At five, the starting gun boomed from the signalling balcony of the sailing club. With gun smoke hanging briefly in the breezy air, the Wayfarers were off, vanishing round the ‘Swan bend’ at speed in the favourable tail wind.
At intervals over the next hour or so class after class was dispatched with precision timing from the synchronicity of the commentator and the starting gun.
When the White Boats were called, we were treated to a near-perfect display of starting tactics as the whole fleet sped over the line almost in unison. Even the commentator, overlooking the event, was moved to make a praiseworthy comment. It was grace under sail: those guys certainly knew a thing or two about kicking canvas!
One of the high points was when the Thames A-Raters took to the water, like three sparring gladiators with their impossibly high aspect sails and saucer-like hull shapes sliding effortlessly across the water like skimming stones.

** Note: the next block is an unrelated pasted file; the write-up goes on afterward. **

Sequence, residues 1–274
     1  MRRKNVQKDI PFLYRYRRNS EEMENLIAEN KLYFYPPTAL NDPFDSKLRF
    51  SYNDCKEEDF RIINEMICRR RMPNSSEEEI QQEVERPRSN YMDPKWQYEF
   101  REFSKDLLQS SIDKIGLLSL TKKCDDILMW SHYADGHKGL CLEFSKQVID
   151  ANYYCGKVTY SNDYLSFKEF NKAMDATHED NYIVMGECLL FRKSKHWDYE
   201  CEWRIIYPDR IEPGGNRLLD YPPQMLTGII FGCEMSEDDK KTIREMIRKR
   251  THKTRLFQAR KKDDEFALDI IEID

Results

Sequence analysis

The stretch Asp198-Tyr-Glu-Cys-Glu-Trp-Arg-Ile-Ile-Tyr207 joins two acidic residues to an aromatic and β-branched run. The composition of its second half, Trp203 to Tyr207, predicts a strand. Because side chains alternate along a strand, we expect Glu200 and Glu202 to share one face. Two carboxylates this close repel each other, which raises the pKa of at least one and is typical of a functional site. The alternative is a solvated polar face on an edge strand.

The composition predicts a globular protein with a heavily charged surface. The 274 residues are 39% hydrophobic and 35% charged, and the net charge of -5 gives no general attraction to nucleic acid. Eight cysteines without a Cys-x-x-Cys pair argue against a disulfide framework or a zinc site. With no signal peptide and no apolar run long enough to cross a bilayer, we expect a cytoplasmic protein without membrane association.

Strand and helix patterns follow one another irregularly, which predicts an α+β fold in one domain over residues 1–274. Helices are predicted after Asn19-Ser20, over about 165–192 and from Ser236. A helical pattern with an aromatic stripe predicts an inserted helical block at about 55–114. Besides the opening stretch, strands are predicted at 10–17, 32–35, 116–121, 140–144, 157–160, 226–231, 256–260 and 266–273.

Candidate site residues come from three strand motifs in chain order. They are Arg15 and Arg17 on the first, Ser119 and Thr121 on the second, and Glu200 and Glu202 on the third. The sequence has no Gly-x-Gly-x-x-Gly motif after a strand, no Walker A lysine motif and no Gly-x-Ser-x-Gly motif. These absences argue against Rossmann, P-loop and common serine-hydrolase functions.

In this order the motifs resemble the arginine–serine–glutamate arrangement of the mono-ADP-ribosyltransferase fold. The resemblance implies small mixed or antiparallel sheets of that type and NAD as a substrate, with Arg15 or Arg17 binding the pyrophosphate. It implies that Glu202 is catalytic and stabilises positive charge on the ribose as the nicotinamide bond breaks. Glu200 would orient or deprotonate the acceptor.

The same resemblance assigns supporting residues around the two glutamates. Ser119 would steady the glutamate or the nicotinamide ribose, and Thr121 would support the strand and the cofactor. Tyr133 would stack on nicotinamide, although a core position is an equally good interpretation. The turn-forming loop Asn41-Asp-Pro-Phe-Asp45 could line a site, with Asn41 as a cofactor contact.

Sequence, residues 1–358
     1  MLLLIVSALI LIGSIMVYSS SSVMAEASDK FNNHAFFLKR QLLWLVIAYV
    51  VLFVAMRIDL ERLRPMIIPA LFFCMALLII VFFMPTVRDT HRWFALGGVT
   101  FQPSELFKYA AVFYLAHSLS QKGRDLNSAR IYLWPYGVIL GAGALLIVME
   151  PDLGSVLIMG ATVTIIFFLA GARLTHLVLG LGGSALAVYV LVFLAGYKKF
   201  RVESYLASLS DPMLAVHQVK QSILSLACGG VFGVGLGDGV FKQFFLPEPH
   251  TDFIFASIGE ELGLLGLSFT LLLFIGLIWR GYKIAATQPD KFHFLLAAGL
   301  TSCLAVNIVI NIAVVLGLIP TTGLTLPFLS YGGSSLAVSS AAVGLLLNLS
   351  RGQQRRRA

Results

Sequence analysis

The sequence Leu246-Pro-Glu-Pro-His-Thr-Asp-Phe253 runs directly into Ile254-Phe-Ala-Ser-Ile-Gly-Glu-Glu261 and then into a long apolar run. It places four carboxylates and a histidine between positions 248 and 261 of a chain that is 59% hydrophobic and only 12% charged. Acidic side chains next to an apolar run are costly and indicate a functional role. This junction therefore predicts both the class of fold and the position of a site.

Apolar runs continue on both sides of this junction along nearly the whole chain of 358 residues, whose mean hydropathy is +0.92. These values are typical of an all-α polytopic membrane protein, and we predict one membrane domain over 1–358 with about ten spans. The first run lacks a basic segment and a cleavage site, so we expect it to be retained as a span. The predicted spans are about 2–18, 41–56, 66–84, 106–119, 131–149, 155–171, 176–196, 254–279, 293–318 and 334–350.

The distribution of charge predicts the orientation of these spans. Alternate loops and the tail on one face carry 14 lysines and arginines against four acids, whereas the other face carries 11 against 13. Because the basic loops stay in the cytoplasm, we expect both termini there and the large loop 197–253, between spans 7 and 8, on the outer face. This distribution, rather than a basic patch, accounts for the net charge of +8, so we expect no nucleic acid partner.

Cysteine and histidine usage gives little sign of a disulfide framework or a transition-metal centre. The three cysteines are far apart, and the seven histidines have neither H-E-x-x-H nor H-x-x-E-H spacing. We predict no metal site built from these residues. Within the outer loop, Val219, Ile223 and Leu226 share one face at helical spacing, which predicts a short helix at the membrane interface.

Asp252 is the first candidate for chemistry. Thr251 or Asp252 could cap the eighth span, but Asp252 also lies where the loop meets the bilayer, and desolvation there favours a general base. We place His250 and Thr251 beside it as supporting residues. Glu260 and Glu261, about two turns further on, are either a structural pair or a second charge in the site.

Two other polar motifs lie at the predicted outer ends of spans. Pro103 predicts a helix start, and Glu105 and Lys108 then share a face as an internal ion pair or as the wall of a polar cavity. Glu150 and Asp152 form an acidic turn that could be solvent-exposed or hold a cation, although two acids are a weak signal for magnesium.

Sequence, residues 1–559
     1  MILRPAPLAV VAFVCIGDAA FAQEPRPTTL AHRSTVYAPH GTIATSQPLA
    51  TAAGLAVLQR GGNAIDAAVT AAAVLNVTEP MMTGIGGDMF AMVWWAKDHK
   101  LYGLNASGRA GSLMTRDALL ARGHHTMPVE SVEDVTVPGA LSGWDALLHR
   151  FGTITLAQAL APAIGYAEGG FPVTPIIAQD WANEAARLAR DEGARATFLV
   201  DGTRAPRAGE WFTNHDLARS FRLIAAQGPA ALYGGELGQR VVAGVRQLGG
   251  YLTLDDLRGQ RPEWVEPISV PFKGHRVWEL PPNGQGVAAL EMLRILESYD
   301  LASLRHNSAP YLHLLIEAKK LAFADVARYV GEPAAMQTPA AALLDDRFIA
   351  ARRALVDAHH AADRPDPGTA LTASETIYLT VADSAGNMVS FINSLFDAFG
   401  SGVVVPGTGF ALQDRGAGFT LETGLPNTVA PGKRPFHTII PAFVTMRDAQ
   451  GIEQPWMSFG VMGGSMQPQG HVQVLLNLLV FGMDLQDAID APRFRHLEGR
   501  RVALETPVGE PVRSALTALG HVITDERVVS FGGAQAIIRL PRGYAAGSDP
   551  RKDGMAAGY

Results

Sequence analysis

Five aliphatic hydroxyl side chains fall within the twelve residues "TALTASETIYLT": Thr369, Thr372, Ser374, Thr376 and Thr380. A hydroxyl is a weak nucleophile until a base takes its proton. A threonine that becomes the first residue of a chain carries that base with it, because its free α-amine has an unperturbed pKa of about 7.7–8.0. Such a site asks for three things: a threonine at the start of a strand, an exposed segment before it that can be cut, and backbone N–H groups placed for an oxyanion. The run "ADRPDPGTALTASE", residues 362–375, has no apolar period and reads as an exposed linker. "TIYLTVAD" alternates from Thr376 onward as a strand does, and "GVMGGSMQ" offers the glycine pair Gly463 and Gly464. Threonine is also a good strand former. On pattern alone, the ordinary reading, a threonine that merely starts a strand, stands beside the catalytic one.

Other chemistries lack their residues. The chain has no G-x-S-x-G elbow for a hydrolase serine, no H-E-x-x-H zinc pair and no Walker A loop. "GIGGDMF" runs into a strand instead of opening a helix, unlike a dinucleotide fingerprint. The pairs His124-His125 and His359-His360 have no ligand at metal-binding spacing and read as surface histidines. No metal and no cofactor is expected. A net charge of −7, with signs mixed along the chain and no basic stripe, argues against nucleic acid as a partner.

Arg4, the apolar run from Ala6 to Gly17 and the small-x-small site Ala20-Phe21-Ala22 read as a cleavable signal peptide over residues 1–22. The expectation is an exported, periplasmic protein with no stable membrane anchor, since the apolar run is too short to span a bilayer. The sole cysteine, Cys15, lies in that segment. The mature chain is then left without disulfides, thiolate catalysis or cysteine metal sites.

Like a horse bolting before the off, ‘Lady Jane’, the eventual winner, charged off down river as the five minute gun blast played havoc with her crew’s nervous energy. As she slithered back as dignified as she could, at least the commentator showed some good-natured tact by announcing words to the effect that she has just gone down to ‘inspect the state of the course’....
Reading from their subsequent victory report for ‘Yachts and Yachting’ their race seems more like some bizarre nature trail: between comments about surviving ‘interesting gybes’ and managing to pass the point of a ‘spectacular capsize the previous year’ unscathed, the skipper recounts glimpsing two marsh harriers before they reached the Ant, hearing the sound of a cuckoo in Candle Dyke, sighting a bittern ‘in the distance’ on their way out of Duck Broad and passing an otter diving at Thurne Mouth! Some race....